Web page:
It is a world of grey and white. If you stood outside, you would disappear.
The weather radio repeats.
Al puts another log in the wood stove and mutters, “You know, when he discovered Canada Jacques Cartier described what he saw as the land God gave to Cain. Cartier got it right!”
I say nothing waiting for the fire to build, impatient for its warmth to penetrate the skin, animate the soul. The longing for warmth never goes away. I watch the fire grow.
Soon, I am entranced by the flames my mind moving on ribbons of light, separating itself from here and now like the snake that tastes the air, basks in the sun…. sheds its skin. If Canada is the land God gave to Cain, I tell myself, then Charco must be the land that God gave Eve.
I remember our first morning walking naked amongst the dunes. The sensation was exquisite, like being caught somewhere between exhilaration and fear – fear because we had never done anything like this before. This was new and exciting territory, something that needed to be explored. And the sensuousness of it all! The kiss of sun on my skin, sea spray and rascal wind playing mischief with my hair, water whipped soft like white meringue then flung high against slippery rocks, the pearls of sweat running down between my breasts, the sudden snap of salty air.
Looking back across the dunes and stony plain it was easy to feel that we were the only beings on the planet. Not lonely mind you but rather self contained, happy and alive. Was this how one first felt in Eden? But how would it be when we encountered others, would we feel uncomfortable, awkward, embarrassed or ashamed? The question did not linger long.
Rounding the ramshackle fishing huts a couple came towards us their skin gloriously bronzed by years in the sun, perhaps in their seventies, hale, proud and beaming.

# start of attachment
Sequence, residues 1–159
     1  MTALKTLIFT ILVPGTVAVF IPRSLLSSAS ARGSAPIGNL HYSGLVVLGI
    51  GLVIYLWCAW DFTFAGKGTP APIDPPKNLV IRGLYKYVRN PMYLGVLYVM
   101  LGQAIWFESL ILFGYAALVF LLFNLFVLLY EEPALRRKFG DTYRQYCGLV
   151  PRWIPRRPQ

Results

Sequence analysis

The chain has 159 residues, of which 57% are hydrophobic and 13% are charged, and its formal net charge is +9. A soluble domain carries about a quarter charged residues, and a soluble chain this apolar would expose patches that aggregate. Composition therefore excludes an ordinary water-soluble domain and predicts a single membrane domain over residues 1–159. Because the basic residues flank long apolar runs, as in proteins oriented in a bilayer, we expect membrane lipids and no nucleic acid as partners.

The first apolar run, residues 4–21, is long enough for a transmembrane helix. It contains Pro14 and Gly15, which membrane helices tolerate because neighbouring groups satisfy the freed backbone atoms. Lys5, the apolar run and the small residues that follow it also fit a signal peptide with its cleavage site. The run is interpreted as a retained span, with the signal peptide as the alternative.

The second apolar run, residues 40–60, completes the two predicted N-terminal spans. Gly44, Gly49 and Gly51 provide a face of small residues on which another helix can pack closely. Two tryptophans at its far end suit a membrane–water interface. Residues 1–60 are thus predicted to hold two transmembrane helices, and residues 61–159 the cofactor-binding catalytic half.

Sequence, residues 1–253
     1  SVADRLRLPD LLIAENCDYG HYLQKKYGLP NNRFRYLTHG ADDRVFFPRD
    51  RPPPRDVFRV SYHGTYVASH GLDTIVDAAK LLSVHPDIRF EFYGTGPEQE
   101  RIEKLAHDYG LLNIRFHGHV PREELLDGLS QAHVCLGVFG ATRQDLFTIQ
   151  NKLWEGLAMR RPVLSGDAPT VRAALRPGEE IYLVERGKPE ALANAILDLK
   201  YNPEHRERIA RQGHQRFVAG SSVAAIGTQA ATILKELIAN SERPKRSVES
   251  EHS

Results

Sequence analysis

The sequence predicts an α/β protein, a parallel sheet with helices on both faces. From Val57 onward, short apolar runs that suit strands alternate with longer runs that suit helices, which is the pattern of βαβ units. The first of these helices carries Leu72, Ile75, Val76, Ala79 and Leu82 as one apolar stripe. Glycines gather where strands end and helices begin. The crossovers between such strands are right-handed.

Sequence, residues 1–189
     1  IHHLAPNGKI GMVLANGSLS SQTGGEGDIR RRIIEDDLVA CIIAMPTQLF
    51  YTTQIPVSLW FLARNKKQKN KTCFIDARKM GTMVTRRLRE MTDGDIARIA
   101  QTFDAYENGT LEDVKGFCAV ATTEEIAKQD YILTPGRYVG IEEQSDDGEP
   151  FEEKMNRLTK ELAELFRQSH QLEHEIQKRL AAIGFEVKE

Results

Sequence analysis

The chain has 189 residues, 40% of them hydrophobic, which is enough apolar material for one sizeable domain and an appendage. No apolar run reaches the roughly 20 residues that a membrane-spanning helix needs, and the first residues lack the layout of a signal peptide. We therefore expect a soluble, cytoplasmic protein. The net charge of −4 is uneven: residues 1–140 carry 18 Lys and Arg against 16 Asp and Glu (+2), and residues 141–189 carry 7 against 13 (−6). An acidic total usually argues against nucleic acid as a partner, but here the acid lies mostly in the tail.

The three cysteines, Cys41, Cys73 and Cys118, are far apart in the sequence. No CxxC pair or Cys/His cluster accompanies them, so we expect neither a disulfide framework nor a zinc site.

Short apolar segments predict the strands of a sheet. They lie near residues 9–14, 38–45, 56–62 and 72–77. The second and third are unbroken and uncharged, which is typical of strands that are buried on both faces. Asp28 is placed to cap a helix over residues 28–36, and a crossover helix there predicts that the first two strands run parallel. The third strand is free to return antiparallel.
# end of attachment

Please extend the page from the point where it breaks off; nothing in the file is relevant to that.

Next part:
“This is paradise,” the Norseman proclaimed spreading his arms wide in exultation. And in that moment all apprehension disappeared. There we were, each one as each one was, nothing more - or less, a natural acceptance. I am pretty sure he and his wife would agree that this is the land of Eve.
Having thought about it over the last few months I believe that the freedom and joy of naturism begins with the shedding of the skin of self-consciousness. There is, in the absence of any visible evidence of status, title or role, comfortable anonymity in living naked amongst others who are that way themselves, and beyond that openness and communication.
It was not long before our month in Charco took on an easy rhythm; the morning walk for warm fresh bread from the girl in the yellow cap, the slap of sun block on the skin, forays this way and that along the shore, cool dips in sea water pools and afternoons of wine soaked laughter with newly found friends. From our little patio we watched the ebb and flow of humanity - from the very young to the very old - that sauntered, jogged, cycled, held hands, or paused thoughtfully to look out to sea before passing by. At times we ventured beyond the comfortable confines of the town, our little Plus Car going round and round around the roundabouts as Al tried to find his way – we don’t have such things here, prairie roads are long and flat and straight. He’ll learn.
Another gust of wind drives more snow against the living room window pulling the mind back from its reveries. I sigh. Three more weeks. Three more weeks of snow and ice before we return to bask in the sun and shed our winter skin.